There wasn’t a dog on the Christchurch streets who didn’t know the Lions game plan for this match. All week they had spoken of dominating the set piece and playing field position. That was like a red rag to the New Zealand front five. The response was spectacular. Chris Jack was outstanding from start to finish and his second row partner Williams also produced when the need was greatest.

In the build-up to this contest, I had a sneaking suspicion that the power of the Lions’ front five had been exaggerated in their performances against Otago and Wellington. With the All Black forwards unavailable for selection, the Lions dominated with ease. In the more meaningful challenges against both Argentina and the New Zealand Maori, the Lions forward unit was found wanting.

Graham Henry had his homework done and looked to attack the Lions at source. The suggestion that the New Zealand forwards would be smashed in front of their home crowd was the spur their pack needed.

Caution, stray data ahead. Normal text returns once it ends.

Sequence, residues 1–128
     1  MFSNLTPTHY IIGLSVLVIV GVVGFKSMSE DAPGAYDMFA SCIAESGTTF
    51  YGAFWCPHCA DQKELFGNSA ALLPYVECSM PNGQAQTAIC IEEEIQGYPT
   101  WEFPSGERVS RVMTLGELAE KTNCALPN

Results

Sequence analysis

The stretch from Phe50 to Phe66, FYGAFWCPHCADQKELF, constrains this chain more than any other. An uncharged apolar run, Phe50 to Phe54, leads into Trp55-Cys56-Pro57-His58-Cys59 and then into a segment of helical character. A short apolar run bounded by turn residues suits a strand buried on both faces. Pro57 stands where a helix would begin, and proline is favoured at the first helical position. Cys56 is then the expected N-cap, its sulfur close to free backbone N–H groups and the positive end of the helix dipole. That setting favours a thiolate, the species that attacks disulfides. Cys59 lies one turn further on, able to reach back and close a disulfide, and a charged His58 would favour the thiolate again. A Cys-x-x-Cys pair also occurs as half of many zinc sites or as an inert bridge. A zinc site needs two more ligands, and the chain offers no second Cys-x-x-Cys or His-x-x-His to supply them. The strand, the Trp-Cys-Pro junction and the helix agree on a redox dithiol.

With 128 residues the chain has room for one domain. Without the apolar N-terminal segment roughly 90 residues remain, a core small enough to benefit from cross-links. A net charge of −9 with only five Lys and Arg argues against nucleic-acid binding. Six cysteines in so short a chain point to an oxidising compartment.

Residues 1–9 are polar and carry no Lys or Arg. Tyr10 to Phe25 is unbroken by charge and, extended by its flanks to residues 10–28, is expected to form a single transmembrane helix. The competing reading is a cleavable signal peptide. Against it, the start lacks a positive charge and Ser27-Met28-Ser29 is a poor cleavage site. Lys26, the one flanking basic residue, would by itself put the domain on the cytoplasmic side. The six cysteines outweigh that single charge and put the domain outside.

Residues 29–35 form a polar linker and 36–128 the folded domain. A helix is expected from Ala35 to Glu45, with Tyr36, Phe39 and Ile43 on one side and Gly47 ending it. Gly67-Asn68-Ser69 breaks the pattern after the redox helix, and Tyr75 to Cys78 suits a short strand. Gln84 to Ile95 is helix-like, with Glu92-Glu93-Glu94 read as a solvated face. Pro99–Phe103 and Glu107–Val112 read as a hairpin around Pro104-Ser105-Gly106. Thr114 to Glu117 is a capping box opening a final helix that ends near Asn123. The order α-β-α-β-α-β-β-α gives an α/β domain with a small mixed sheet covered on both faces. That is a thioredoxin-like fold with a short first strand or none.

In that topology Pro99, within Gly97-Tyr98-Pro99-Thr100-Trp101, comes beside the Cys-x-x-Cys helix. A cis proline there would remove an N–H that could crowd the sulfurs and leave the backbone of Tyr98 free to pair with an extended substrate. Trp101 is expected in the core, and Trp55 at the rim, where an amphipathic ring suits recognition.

Despite the adverse weather conditions, their scrum stood up well and their lineout was a revelation. With Jack and Williams creating havoc on the Lions throw, they also managed to win their own ball with ease, despite the conditions, losing just one throughout the contest. Deprived of a decent platform up front, the Lions failed to implement their kicking game and could not control field position.

Throughout the tour there has been a total lack of creativity behind the scrum. Even though they only trailed by 11 points at half time, one couldn’t see where a Lions try would come from.